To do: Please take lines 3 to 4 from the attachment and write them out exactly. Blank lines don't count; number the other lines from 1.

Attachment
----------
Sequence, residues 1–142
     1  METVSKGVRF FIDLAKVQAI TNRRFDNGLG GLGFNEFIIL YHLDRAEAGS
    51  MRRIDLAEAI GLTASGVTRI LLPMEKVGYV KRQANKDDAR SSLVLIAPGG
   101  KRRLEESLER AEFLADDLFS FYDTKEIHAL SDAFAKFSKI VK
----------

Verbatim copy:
    51  MRRIDLAEAI GLTASGVTRI LLPMEKVGYV KRQANKDDAR SSLVLIAPGG
   101  KRRLEESLER AEFLADDLFS FYDTKEIHAL SDAFAKFSKI VK